judge selection and term of office: judges proposed by the Committee of Judicial Postulation (an independent body of organizations dealing with legal issues and of the organs of citizen power) and appointed by the National Assembly; judges serve non-renewable 12-year terms
subordinate courts: Superior or Appeals Courts (Tribunales Superiores); District Tribunals (Tribunales de Distrito); Courts of First Instance (Tribunales de Primera Instancia); Parish Courts (Tribunales de Parroquia); Justices of the Peace (Justicia de Paz) Network
highest court(s): Supreme Court of Judicature (consists of the Court of Appeal with a chief justice and 3 justices, and the High Court with a chief justice and 10 justices organized into 3- or 5-judge panels); note - in 2009, Guyana ceased final appeals in civil and criminal cases to the Judicial Committee of the Privy Council (in London), replacing it with the Caribbean Court of Justice, the judicial organ of the Caribbean Community
judge selection and term of office: Court of Appeal and High Court chief justices appointed by the president; other judges of both courts appointed by the Judicial Service Commission, a body appointed by the president; judges appointed for life with retirement at age 65
subordinate courts: Land Court; magistrates' courts
Political parties and leadersA New Time or UNT [Manuel ROSALES]
Brave People's Alliance or ABP [Richard BLANCO]
Christian Democrats or COPEI [Roberto ENRIQUEZ]
Coalition of opposition parties -- The Democratic Unity Table or MUD [Jose Luis CARTAYA]
Communist Party of Venezuela or PCV [Oscar FIGUERA]
Democratic Action or AD [Henry RAMOS ALLUP]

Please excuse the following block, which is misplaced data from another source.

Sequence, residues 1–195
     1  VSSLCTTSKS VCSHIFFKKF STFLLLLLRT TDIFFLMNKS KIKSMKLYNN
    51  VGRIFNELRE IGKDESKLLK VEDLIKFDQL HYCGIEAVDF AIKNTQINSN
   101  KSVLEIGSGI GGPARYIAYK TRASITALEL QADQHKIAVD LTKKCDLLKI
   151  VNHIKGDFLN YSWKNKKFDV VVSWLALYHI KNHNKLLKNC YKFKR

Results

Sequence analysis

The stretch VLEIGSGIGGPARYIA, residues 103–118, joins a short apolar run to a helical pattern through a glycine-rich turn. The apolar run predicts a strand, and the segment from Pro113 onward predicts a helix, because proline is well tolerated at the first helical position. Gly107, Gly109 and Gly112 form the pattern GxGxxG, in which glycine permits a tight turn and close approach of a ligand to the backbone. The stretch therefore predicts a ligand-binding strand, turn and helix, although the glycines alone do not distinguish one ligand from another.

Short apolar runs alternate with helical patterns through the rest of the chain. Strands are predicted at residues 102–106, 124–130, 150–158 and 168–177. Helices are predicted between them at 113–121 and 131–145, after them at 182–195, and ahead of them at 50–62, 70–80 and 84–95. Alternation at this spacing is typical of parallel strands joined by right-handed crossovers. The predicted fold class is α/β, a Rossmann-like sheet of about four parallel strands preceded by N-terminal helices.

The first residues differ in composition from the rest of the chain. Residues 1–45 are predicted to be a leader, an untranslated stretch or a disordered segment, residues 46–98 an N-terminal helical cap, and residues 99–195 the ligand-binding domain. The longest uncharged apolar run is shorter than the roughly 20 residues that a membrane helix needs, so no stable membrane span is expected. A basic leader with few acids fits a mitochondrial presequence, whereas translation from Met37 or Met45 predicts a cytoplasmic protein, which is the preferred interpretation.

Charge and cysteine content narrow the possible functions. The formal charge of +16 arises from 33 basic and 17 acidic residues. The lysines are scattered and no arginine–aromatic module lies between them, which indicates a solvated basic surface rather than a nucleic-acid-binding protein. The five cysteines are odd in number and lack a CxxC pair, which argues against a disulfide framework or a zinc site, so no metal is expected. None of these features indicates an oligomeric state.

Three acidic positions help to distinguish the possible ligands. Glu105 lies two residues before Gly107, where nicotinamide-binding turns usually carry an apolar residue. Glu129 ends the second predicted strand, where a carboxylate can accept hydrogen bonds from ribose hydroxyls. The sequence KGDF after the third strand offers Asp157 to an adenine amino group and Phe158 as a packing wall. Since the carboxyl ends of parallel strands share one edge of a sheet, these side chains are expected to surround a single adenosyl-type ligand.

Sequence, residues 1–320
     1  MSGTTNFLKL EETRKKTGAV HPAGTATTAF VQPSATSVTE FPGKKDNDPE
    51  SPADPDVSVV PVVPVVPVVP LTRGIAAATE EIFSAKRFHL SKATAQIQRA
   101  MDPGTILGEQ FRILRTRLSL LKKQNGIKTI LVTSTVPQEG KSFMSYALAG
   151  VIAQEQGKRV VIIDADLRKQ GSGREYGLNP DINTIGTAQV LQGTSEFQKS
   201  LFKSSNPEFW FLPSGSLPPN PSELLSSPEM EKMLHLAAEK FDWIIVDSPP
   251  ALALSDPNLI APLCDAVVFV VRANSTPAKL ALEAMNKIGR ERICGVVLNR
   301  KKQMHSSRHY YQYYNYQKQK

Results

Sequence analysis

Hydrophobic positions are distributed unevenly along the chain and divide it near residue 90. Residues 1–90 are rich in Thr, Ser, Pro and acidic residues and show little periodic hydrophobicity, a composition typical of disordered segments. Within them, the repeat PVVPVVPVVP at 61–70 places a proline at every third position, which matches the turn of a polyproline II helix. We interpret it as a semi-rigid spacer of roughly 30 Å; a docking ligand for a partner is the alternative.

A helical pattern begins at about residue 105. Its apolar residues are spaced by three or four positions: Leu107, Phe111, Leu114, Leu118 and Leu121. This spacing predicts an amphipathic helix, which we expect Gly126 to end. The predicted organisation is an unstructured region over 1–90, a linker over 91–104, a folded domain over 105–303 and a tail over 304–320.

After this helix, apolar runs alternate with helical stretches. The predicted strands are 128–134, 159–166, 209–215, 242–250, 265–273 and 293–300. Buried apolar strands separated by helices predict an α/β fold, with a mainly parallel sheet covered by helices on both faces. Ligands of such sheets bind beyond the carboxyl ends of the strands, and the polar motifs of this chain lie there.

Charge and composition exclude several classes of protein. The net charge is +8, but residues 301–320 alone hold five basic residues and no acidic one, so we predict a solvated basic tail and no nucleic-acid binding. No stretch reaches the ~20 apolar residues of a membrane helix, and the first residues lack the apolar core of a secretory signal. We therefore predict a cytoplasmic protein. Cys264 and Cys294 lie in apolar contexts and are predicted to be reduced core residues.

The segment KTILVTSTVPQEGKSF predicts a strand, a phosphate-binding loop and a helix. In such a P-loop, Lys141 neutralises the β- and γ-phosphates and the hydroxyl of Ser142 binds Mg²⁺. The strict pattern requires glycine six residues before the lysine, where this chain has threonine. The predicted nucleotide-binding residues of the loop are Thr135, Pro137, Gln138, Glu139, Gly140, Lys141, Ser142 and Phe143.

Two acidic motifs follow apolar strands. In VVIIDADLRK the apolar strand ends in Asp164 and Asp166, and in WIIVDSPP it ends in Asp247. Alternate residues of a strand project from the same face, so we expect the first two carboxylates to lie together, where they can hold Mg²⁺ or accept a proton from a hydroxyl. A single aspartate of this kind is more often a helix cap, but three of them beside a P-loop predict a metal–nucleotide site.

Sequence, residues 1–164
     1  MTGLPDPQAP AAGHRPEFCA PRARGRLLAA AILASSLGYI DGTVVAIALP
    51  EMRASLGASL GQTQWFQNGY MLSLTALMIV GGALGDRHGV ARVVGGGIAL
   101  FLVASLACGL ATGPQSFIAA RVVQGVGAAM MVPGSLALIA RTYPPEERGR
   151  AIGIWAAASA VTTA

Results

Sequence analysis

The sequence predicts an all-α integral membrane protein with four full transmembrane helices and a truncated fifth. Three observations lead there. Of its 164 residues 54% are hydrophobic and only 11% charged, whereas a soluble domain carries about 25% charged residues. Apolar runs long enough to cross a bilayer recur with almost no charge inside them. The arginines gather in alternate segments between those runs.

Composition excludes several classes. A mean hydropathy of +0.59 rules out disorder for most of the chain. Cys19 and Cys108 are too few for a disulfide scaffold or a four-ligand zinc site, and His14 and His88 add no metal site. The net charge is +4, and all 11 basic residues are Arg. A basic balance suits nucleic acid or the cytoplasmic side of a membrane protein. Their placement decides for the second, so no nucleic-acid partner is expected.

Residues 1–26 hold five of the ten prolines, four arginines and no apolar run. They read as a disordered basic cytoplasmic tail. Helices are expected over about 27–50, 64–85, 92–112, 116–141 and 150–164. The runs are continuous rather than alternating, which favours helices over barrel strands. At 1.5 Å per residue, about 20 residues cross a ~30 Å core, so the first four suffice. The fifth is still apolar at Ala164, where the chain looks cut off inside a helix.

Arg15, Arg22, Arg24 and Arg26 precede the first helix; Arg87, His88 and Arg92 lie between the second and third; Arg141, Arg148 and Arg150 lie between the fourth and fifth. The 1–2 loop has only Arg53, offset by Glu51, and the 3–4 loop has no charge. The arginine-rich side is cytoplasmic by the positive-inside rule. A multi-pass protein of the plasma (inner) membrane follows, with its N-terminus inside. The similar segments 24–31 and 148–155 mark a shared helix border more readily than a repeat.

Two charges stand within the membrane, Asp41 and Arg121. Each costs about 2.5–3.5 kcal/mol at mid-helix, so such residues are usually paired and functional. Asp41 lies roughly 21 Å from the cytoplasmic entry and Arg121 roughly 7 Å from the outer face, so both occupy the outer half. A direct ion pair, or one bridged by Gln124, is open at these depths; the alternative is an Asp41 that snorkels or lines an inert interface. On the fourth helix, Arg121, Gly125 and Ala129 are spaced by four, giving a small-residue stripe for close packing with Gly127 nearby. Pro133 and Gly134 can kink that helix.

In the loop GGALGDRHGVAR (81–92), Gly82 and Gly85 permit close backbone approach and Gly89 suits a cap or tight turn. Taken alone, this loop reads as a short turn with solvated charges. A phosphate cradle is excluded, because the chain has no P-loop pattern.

Fatherland for All or PPT [Rafael UZCATEGUI]
For Social Democracy or PODEMOS [Didalco Antonio BOLIVAR GRATEROL]
Justice First or PJ [Julio BORGES]
Movement Toward Socialism or MAS [Segundo MELENDEZ]
Popular Will or VP [Leopoldo LOPEZ]
Progressive Wave or AP [Henri FALCON]
The Radical Cause or La Causa R [Americo DE GRAZIA]
United Socialist Party of Venezuela or PSUV [Nicolas MADURO]
Venezuelan Progressive Movement or MPV [Simon CALZADILLA]
Venezuela Project or PV [Henrique Fernando SALAS FEO]
A Partnership for National Unity or APNU [David A. GRANGER]
Alliance for Change or AFC [Raphael TROTMAN]
Justice for All Party [C.N. SHARMA]
National Independent Party or NIP [Saphier Husain SUBEDAR]
People's Progressive Party/Civic or PPP/C [Donald RAMOTAR]
The United Force or TUF [Manzoor NADIR]
United Republican Party or URP [Vishnu BANDHU]
Political pressure groups and leadersBolivarian and Socialist Workers' Union (a ruling-party-oriented organized labor union)
Confederacion Venezolana de Industriales or Coindustria (a conservative business group)
Consejos Comunales (pro-government local communal councils)
Federation of Chambers and Associations of Commerce and Production of Venezuela or FEDECAMARAS (a conservative business group)
Union of Oil Workers of Venezuela or FUTPV
Venezuelan Confederation of Workers or CTV (opposition-oriented labor organization)
other: various civil society groups and human rights organizations
Amerindian People's Association
Guyana Bar Association
Guyana Citizens Initiative
Guyana Human Rights Association
Guyana Public Service Union or GPSU
Guyana Trans United
Private Sector Commission
Society Against Sexual Orientation Discrimination or SASOD
Trades Union Congress
International organization participationCaricom (observer), CD, CDB, CELAC, FAO, G-15, G-24, G-77, IADB, IAEA, IBRD, ICAO, ICC (national committees), ICCt (signatory), ICRM, IDA, IFAD, IFC, IFRCS, IHO, ILO, IMF, IMO, IMSO, Interpol, IOC, IOM, IPU, ITSO, ITU, ITUC (NGOs), LAES, LAIA, LAS (observer), MIGA, NAM, OAS, OPANAL, OPCW, OPEC, PCA, Petrocaribe, UN, UN Security Council (temporary), UNASUR, UNCTAD, UNESCO, UNHCR, UNIDO, Union Latina, UNWTO, UPU, WCO, WFTU (NGOs), WHO, WIPO, WMO, WTO